LOTA: A small, usually spherical water vessel made of brass, copper or plastic used in South Asia, the Middle East and parts of Africa to maintain personal hygiene.
“I knew I should’ve put my lota in the safe,” I thought to myself, crestfallen. I had returned to my hotel room, a trying day of meetings behind me, to discover my lota missing. Housekeeping must have thrown it away. “That pitiful little glass by the ice bucket won’t do,” I had concluded two days earlier when checking into the hotel. Instead I had guzzled down a 32 ounce bottle of water so the empty plastic container could serve as my makeshift lota for the duration of my stay.
I went to great lengths to keep it out of housekeeping’s reach, strategically tucking it in the closet behind my suitcase. This proved successful on the first day, but on day two I left in a rush, leaving my precious lota perched on the ledge of the tub by the toilet. It was bound to be thoughtlessly discarded. Sadly, its purpose and elevated status went unnoticed. Had housekeeping recognized that this was more than an empty bottle, it would have been carefully placed on the floor within reach of the toilet, rather than tossing it in the trash. After all, it is for this very reason that Muslims vigorously wash the hotel coffee pot two or three times before its sanctioned use—we know a previous Muslim guest might have substituted the pot for a lota.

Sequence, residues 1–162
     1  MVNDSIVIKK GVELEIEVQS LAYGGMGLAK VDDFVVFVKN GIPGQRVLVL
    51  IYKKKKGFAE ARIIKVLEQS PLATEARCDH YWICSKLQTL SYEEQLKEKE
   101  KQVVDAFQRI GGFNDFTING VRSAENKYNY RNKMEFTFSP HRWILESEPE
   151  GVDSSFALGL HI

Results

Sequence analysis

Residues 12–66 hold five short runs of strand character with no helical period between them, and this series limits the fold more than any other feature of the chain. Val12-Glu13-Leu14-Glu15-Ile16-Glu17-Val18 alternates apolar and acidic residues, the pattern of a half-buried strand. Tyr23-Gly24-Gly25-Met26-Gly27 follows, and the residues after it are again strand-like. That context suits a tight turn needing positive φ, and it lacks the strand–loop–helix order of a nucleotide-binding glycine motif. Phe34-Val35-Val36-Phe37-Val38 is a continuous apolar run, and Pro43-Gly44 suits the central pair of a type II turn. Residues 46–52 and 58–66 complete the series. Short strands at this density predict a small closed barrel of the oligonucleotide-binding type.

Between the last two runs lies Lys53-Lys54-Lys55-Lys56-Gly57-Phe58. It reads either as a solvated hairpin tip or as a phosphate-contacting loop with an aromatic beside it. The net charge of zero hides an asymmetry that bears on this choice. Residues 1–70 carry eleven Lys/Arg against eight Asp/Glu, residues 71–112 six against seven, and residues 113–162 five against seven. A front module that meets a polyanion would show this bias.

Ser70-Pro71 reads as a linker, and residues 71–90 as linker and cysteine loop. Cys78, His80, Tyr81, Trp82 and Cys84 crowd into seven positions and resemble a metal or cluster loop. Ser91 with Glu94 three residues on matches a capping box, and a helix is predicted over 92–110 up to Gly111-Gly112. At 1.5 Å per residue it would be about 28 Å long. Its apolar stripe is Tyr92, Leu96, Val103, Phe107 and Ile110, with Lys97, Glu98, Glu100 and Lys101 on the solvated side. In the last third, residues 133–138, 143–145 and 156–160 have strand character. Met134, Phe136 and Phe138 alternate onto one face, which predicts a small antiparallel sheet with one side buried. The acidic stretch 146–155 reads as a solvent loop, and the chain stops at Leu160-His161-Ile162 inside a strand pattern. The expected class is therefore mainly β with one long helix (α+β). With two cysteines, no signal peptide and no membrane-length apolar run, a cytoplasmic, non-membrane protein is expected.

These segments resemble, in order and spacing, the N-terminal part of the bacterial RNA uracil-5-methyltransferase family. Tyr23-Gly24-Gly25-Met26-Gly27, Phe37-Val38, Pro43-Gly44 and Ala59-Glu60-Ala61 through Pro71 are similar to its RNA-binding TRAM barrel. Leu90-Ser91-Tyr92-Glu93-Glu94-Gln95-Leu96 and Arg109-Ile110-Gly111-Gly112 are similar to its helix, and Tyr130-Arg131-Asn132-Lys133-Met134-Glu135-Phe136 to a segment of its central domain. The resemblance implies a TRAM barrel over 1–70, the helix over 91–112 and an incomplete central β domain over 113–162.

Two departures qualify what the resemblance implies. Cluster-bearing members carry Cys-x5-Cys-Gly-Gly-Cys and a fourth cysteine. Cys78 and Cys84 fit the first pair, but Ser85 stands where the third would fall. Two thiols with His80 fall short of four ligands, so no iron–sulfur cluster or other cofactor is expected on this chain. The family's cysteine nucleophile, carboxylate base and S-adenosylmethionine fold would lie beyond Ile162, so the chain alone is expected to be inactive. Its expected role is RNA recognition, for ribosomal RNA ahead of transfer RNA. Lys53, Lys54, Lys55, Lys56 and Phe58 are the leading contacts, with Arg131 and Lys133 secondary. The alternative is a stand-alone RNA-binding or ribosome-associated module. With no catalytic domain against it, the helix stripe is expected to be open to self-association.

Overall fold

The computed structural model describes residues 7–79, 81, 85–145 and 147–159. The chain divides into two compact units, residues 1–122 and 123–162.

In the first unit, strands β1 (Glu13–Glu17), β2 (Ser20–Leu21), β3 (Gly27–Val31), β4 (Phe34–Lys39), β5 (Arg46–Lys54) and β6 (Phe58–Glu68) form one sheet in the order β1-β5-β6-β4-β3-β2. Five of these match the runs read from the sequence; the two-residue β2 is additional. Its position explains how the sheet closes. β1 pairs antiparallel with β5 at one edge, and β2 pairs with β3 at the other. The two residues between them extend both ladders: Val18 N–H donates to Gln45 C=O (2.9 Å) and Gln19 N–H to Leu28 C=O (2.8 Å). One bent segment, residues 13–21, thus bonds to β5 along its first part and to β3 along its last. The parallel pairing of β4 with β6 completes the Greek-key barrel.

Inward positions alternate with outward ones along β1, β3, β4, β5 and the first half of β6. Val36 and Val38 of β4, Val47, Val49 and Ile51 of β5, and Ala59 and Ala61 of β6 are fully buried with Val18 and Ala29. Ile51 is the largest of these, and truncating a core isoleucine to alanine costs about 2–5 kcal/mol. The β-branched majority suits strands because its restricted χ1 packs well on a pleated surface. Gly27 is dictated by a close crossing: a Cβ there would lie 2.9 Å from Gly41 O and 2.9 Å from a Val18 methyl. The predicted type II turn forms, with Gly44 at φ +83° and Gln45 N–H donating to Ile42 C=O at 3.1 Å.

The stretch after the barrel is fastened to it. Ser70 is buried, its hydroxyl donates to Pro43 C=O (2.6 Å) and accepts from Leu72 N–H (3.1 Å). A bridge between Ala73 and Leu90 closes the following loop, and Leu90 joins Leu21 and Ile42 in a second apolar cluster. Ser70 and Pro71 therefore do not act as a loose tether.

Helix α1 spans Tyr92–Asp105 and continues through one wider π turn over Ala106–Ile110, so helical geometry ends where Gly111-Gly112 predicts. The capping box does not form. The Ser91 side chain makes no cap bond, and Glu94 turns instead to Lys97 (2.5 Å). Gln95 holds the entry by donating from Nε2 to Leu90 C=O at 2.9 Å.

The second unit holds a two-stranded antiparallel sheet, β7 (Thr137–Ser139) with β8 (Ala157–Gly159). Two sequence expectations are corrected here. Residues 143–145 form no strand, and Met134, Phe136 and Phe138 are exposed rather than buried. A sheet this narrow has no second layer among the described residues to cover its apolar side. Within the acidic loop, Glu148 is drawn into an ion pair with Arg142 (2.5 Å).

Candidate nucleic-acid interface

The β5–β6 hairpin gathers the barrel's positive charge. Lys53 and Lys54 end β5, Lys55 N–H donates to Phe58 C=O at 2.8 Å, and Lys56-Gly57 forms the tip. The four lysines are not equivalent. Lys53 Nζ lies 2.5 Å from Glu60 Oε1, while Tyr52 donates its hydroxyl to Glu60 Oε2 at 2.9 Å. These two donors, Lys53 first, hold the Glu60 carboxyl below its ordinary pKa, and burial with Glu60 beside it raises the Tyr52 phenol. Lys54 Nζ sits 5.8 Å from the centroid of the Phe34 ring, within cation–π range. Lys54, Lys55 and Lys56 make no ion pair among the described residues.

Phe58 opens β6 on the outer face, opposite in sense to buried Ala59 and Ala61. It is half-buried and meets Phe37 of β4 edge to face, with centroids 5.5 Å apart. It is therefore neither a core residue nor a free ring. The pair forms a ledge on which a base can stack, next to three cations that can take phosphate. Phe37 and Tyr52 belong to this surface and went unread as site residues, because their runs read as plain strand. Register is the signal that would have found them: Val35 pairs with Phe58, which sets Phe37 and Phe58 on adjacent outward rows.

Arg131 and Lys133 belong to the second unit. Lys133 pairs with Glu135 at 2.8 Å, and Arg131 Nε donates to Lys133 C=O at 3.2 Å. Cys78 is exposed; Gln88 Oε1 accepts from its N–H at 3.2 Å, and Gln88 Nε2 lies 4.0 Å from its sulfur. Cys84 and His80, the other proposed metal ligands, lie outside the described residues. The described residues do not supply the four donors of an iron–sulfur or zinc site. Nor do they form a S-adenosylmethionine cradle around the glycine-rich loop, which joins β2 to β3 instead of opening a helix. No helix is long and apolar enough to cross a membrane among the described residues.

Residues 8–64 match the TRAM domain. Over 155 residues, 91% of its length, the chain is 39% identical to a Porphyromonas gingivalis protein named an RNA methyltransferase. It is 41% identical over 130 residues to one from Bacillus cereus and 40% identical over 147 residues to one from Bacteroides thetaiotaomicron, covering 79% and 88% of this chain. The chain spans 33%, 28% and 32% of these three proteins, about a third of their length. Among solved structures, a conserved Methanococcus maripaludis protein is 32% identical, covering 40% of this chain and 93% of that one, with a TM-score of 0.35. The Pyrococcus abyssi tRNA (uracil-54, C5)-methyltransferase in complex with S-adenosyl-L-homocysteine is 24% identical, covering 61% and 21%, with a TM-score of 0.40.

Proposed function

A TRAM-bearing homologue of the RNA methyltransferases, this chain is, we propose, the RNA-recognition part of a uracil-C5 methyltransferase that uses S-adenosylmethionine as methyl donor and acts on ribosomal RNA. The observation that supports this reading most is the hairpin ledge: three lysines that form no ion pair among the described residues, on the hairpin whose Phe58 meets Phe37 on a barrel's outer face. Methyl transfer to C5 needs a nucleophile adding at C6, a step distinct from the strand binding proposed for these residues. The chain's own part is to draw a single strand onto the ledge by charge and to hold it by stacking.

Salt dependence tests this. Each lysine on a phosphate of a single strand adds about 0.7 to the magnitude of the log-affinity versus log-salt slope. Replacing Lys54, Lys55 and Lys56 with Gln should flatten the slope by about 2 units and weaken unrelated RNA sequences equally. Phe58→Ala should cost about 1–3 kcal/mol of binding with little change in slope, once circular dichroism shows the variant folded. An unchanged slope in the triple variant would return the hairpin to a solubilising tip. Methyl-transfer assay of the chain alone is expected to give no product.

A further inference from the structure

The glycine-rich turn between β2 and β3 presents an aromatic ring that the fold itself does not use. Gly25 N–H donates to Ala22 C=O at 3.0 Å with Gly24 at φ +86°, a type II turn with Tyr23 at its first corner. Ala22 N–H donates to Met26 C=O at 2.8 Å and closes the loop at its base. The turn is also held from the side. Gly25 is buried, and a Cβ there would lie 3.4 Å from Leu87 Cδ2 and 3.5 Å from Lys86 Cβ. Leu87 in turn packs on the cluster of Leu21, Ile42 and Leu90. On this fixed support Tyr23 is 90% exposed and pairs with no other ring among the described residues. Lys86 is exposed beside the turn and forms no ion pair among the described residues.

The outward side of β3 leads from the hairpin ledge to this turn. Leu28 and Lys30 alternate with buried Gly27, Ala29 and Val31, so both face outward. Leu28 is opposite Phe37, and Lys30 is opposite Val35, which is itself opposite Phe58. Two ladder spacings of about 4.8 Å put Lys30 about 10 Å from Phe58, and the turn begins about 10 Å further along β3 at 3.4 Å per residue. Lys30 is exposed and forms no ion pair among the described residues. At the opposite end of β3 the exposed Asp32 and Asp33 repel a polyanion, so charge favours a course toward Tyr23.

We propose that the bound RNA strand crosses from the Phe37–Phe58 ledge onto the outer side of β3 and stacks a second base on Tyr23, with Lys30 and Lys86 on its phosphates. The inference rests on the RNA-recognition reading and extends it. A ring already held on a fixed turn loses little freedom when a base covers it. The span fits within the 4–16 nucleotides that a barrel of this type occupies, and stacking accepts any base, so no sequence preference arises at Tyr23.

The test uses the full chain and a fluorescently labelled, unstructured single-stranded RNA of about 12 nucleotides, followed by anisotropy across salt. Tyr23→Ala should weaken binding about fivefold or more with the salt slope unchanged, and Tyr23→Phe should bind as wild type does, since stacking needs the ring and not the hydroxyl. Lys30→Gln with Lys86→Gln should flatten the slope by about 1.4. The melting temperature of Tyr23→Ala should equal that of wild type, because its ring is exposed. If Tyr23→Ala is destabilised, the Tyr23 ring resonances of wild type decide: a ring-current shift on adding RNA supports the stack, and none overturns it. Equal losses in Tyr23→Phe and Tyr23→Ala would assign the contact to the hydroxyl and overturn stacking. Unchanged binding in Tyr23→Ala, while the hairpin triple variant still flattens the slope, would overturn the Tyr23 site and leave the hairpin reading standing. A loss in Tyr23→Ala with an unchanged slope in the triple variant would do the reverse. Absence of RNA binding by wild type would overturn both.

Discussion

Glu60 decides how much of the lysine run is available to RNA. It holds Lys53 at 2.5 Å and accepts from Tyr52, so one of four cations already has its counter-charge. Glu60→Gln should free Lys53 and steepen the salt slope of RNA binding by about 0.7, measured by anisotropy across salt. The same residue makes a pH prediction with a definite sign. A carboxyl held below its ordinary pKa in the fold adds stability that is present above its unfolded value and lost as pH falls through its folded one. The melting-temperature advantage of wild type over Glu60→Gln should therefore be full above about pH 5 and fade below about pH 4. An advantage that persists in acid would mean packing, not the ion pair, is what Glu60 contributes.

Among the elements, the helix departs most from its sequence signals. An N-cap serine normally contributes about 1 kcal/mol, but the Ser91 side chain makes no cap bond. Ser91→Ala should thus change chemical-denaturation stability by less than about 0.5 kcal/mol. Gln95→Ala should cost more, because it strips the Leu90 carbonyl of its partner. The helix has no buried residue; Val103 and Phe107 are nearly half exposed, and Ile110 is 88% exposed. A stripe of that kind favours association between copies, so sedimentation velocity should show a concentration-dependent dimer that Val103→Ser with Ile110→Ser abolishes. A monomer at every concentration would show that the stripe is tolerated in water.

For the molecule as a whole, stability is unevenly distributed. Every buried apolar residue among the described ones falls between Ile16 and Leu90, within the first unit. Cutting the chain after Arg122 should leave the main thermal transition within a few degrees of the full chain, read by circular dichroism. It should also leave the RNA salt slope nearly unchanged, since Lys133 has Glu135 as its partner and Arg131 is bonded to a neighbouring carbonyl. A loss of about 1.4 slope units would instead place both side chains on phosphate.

Editor’s note: Wajiha Rizvi is an attorney based in Austin, TX. Her writing focuses on food, history, and her experiences as a first generation American. Her views are solely her own. A longer version of this article originally appeared in Alt Muslimah.